Two Words: Never Assume

We take whatever life dishes out, right? And make something of it?

Sometimes, that means a pleasant surprise. And last month I had the pleasure of being included in the Circle of Moms Top 25 listing on Single Parenting. A heartfelt thanks to them, as well as to those who graciously gave me a thumbs up in the voting process.

As follow-up, single moms were asked to offer one piece of advice for others in the same boat. But how do you distill parenting advice into one key point?

I knew immediately how I would respond – with advice that applies to relationships as well as parenting, regardless of the circumstances.

Two words. Never assume.

“Never Assume” has been with me since my corporate days, serving as a reminder in all aspects of life – including life after divorce. And when I forget it, invariably, I regret it!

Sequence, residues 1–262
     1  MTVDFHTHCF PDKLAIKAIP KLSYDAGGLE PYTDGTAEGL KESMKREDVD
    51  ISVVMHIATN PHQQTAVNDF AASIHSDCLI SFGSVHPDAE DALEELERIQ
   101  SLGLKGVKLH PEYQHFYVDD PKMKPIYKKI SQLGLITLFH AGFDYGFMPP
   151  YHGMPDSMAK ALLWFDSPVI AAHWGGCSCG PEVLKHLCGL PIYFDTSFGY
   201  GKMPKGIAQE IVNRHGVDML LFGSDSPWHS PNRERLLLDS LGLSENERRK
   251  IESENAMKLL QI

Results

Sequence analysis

But setting aside healthy skepticism or preconceived ideas isn’t easy when you want to believe in the person you’re falling for, you want to believe it’s reciprocal, you want to believe you can have it all and do it all, and you want to believe you can make things work if they start to go south.

I hope I’m finally improving when it comes to recognizing good relationships – good for me, and good for the other person.